I enjoy experimenting with kitchen gadgets. For Christmas, I was gifted a “Sous Vide Supreme” to add to the culinary arsenal. After a few sous vide meals, it’s clear this was a perfect present. Meat is moist and evenly cooked throughout. Vegetables taste fresh and vibrant. Every time.
One of my culinary discoveries has been the positive effect BBQ rubs can have on enhancing flavour. A real-deal meal time game changer. I’ve blogged about cooking with rubs in our Big Green Egg, simply because it’s what I normally use.
Recently rain stopped play on a planned al fresco roast chicken. A lot of rain, and high winds. So I used the oven indoors. Turns out that BBQ rubs work with everyday kitchen cooking.
I relish a challenge. Recently I cooked a Vietnamese meal using a wok in our kitchen. My wife said “that’s something you probably couldn’t cook using a Big Green Egg.”
Challenge accepted! Find out how to do wok cooking on a Big Green Egg with this simple guide.
A friend at work mentioned that he liked bread made using the minimal knead technique. However with work and children (and cats), it took too long on a work night, and the bread was not ready for their dinner time.
I altered the recipe so that dough is prepped before work and baked fresh in the evening. Or prepped in the evening for fresh bread with breakfast.
I believe in making the most of available space, whether it’s storing herbs, stacking pans … or cooking in a Big Green Egg. The Egg has a big dome that normally has nothing in it. Most ovens have two shelves, why not the Egg as well?
Smoked cheeses, vegetables and nuts can add extra nuance and flavour to a meal. And it doesn’t need a large, dedicated piece of equipment. It’s surprisingly easy to do with a Big Green Egg, standard covered BBQ or similar device.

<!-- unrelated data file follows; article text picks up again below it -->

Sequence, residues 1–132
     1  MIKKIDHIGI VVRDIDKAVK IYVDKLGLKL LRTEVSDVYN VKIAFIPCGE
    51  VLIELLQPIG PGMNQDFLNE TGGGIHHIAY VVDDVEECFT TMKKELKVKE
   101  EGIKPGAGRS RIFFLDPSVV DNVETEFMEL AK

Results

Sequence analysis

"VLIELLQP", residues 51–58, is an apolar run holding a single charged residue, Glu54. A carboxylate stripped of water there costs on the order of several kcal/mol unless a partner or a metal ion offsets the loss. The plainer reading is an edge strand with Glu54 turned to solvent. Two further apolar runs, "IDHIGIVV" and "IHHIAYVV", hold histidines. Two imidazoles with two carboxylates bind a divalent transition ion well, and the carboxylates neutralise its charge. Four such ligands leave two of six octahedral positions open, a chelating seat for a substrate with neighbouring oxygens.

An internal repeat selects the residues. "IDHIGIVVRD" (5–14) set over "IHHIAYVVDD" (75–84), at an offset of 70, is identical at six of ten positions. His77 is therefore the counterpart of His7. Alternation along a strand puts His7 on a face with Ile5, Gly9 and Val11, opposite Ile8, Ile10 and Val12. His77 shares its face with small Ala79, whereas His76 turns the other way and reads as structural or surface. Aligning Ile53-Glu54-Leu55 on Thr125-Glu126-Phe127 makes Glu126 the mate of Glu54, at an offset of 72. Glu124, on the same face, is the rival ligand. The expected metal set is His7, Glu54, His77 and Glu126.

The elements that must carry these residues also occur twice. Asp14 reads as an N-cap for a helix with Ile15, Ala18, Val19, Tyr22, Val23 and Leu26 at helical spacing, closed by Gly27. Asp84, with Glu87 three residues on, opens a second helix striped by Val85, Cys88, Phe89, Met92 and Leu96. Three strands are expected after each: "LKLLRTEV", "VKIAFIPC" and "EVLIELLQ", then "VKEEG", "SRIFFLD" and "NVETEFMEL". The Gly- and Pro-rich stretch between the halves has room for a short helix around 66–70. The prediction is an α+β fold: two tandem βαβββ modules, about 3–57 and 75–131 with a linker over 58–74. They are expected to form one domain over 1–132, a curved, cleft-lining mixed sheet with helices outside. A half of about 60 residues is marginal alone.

Find out how to do cold smoking with a low-cost smoke generator. And a paint can.
Recently we cooked a lovely 2 inch thick rib-eye steak using the reverse sear technique. The beef was cooked evenly throughout, and the rubbed seared crust was outstanding. It was some of the best steak we have experienced, our cats confirming this assessment.
Scratch-made pizza was a “road to Damascus” home-cooking moment. My oven-baked pizzas were really good. Yet whilst being tasty, and much better than pre-packaged products, they lacked that authentic pizzeria quality.
To go further in my pizza-making journey, I decided that I needed a proper pizza oven. My wife agreed. Seriously, she did … and she also discovered the Big Green Egg.
I still remember the warm summer’s day when I first baked a home-made pizza. It tasted fantastic, fresh flavours and a crisp thin-crust base, served with both a glass of wine and a sweet sense of victory. And the desire to make many more. Which I did.
This post covers the basics of with a ham and mushroom pizza using home-made dough. From this foundation, it’s easy to make most pizzas for baking in a standard kitchen oven, wood fired pizza oven or ceramic oven such as a Big Green Egg.
Bread with a looser crumb (holes in the bread structure) looks good, tastes great and is the goal of many artisan bakers. I have learned that using a pre-heated baking stone (in my case a pizza stone) to kick-start the rise, or oven spring, is an important factor in achieving such hole-i-ness.
One of my favourite aromas is that of freshly baked bread, even beating a good red wine. And it’s easy to make a crusty, tasty loaf at home with virtually no effort.